Results will help researchers improve microbial hydrogen production.
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Scientists at the National Renewable Energy Laboratory (NREL) have demonstrated how the cyanobacterium Synechosystis sp. PCC 6803 assembles five different protein subunits to produce a functional hydrogenase enzyme complex. The NREL scientists used genetic tools to perform an in-depth study of Hox hydrogenase, an organometallic enzyme that catalyzes the photo production of hydrogen in Synechocystis, and generated new data on the assembly, maturation, and activity of this important enzyme.
To perform this study, NREL generated a series of Hox hydrogenase subunit mutants from a common strain to provide a consistent platform for comparing hydrogenase activity and growth due to the targeted mutations. Genetic analysis of these mutant strains resulted in comprehensive data on how the Hox subunits associate, which revealed the compositions and abundance of the sub-complexes, how the absence of individual Hox subunits or sub-complexes affects enzyme activity, and how genetic mutations affect growth and photosynthesis.
NREL’s work yields new evidence about how the various subunits and sub-complexes of Hox hydrogenase interact with each other to form a functional enzyme, clears up inconsistencies in the literature, and advances understanding of the fundamental processes governing Hox hydrogenase function. It also reveals for the first time the underlying mechanism controlling the assembly and maturation of a complex hydrogenase such as Hox. The previous model for hydrogenase maturation is solely based on a simpler hydrogenase (containing only two subunits) in E. coli, with little knowledge of its more complex counterparts. This newly gained understanding will help guide future modifications to improve Hox hydrogenase activity and increase hydrogen production yields.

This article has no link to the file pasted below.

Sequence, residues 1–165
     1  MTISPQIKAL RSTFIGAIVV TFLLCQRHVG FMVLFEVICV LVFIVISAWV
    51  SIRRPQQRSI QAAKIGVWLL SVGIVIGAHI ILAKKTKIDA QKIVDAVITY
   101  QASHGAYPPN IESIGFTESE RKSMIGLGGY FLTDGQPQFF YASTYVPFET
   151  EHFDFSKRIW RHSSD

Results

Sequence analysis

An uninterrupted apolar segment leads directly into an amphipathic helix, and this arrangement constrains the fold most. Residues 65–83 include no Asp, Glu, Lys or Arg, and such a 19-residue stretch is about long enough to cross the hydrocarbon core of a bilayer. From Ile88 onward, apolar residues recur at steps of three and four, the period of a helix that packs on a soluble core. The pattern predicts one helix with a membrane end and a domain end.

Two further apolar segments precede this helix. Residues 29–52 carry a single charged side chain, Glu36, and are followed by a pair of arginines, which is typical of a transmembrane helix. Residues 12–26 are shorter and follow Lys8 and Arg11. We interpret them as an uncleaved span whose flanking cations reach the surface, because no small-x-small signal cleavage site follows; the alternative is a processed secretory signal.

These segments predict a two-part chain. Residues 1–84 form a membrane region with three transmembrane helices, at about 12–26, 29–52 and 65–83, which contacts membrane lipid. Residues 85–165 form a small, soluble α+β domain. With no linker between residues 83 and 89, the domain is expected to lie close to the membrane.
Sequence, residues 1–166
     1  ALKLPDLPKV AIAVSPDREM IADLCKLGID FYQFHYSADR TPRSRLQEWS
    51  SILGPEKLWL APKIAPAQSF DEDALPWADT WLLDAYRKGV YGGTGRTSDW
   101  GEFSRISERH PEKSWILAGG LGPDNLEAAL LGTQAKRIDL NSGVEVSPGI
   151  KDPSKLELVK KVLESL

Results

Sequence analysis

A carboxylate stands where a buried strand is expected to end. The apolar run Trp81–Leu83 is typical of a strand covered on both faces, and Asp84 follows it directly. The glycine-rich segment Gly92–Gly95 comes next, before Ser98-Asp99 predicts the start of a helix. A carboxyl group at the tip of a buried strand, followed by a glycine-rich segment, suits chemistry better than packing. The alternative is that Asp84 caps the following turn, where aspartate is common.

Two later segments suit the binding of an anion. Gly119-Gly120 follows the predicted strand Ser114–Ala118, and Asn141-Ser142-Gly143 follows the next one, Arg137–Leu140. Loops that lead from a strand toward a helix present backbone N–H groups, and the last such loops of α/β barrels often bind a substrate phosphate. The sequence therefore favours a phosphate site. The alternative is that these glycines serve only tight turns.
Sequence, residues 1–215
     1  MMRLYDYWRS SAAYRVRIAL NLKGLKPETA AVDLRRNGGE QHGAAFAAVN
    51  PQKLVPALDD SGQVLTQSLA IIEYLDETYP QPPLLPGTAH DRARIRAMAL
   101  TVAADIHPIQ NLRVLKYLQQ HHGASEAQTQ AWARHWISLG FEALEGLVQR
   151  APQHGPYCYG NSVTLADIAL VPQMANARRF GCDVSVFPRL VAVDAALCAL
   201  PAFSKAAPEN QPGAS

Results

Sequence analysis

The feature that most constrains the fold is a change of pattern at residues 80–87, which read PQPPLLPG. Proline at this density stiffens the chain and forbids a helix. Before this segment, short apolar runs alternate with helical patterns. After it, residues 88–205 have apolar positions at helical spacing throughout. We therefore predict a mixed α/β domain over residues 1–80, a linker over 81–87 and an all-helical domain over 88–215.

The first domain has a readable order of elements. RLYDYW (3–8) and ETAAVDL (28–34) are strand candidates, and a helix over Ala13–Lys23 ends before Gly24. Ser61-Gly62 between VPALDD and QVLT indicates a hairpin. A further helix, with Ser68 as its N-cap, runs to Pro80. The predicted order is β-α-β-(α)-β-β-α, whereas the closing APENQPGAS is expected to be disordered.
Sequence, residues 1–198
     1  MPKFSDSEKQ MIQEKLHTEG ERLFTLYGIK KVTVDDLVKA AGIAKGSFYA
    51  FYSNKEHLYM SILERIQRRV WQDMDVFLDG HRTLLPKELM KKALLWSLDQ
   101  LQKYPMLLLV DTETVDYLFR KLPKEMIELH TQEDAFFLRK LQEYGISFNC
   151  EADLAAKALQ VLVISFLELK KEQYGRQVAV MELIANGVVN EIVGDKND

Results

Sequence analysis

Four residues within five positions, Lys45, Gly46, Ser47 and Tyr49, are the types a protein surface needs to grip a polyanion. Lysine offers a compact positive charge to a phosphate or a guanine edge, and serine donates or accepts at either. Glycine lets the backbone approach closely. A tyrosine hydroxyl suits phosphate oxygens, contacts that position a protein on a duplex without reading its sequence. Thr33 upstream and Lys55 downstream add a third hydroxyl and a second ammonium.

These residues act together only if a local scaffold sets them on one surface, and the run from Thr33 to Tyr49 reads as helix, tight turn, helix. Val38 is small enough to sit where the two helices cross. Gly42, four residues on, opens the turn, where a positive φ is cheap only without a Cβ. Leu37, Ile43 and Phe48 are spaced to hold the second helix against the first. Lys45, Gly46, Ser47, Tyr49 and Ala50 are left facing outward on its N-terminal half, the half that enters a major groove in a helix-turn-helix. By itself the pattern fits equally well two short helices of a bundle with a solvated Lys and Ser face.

Key Research Results
NREL demonstrated how the cyanobacterium Synechocystis assembles five different proteins to make a functional hydrogenase enzyme.
Genetic analysis of Synechocystis Hox hydrogenase revealed new insights about the presence and interactions of Hox hydrogenase subunits and sub-complexes in vivo, providing a basis for understanding Hox assembly, maturation, and activity.
This understanding will help guide future modifications to improve Hox hydrogenase activity and increase hydrogen production yields.
Technical Contact: Pin-Ching Maness, email@example.com
Reference: Eckert, C.; Boehm, M.; Carrieri, D.; Yu, J.; Dubini, A.; Nixon, P. J.; Maness,
P.-C. (2012). “Genetic Analysis of the Hox Hydrogenase in the Cyanobacterium Synechocystis sp. PCC 6803 Reveals Subunit Roles in Association, Assembly, Maturation, and Function.” Journal of Biological Chemistry (287); pp. 43502–43515.